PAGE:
To incentivise Iran to remain compliant with the JCPOA, the UK alongside the other members of the E3 – France and Germany, announced the creation of the Instrument in Support of Trade Exchanges (INSTEX). INSTEX was a new trade mechanism designed to facilitate European trade with Iran without violating US sanctions. It was thought that INSTEX would alleviate some of the hardships on the Iranian economy by encouraging European and Iranian trade. However, INSTEX has faced widespread criticism from Iranian officials. Despite the mechanism being announced in January, it is not yet fully functional. Furthermore, INSTEX only applies to humanitarian goods, such as agricultural food, medical devices and pharmaceutical goods, in order to comply with US sanctions. These sectors do not contribute a significant amount to the Iranian economy, compared to their main exports, oil and natural gas, which have been banned by the sanctions. Therefore, Iran sees INSTEX as a symbolic gesture, not intended to provide relief for Iran’s economy.
In response to the lack of protection Iran was getting from the international community, on May 8th President Hassan Rouhani sent a letter to each of the JCPOA signatories. This letter set a 60-day deadline for the signatories to provide Iran with access to banking and oil markets restricted by US sanctions. If this was not achieved, Iran threatened to abandon the JCPOA’s 3.67% limit on uranium enrichment, severely reducing their break-out time. It had been estimated that Iran would only need a few months to develop a nuclear weapon once it surpassed the JCPOA’s enrichment limits.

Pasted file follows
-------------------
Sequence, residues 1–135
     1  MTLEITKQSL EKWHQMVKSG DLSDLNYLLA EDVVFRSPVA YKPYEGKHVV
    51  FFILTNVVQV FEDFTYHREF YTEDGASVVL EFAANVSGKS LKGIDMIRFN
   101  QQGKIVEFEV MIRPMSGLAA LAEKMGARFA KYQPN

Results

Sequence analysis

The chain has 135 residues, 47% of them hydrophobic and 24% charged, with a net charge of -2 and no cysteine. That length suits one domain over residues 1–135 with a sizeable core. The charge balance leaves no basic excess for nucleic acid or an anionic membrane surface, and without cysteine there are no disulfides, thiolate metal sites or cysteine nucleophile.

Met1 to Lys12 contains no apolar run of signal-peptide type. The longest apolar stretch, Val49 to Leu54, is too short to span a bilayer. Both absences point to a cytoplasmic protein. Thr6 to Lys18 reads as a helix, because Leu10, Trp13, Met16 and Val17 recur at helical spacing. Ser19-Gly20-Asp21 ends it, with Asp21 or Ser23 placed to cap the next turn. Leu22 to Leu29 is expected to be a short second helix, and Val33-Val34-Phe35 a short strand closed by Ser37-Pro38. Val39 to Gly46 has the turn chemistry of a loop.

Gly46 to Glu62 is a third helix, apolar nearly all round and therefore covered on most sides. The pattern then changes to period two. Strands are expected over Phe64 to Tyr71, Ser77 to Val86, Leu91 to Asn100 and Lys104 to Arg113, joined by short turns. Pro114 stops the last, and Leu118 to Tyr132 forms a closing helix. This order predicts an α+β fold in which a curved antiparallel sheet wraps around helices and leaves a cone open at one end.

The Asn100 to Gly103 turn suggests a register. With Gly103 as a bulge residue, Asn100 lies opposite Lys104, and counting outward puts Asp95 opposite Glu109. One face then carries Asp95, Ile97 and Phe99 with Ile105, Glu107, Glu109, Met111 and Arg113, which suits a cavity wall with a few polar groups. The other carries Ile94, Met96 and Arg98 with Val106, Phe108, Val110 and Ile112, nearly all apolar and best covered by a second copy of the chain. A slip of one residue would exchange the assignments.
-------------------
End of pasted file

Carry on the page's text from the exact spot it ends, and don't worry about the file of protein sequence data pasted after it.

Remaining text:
UK Foreign Secretary Jeremy Hunt has warned Iran that violating the JCPOA could result in further sanctions for the state, as he has reiterated his support for the US amongst the growing tensions. However, the choice is not simple for the UK. The UK’s main interest in this issue should be restricting Iranian nuclear proliferation. Iranian development of a nuclear weapon would have alarming consequences for the security of the Middle East and the West. Backing Iran into a corner will only further isolate them and increase their hostility to the UK amongst others. Therefore, ensuring Iran remains committed to the JCPOA is the best course of action to facilitate British interests. The Iranian economy is already suffering from US sanctions after failing to receive substantial backing from other states. Despite the UK and others reiterating their commitment to the JCPOA through initiatives such as INSTEX, its postponement has meant that Iran’s economy has had no relief.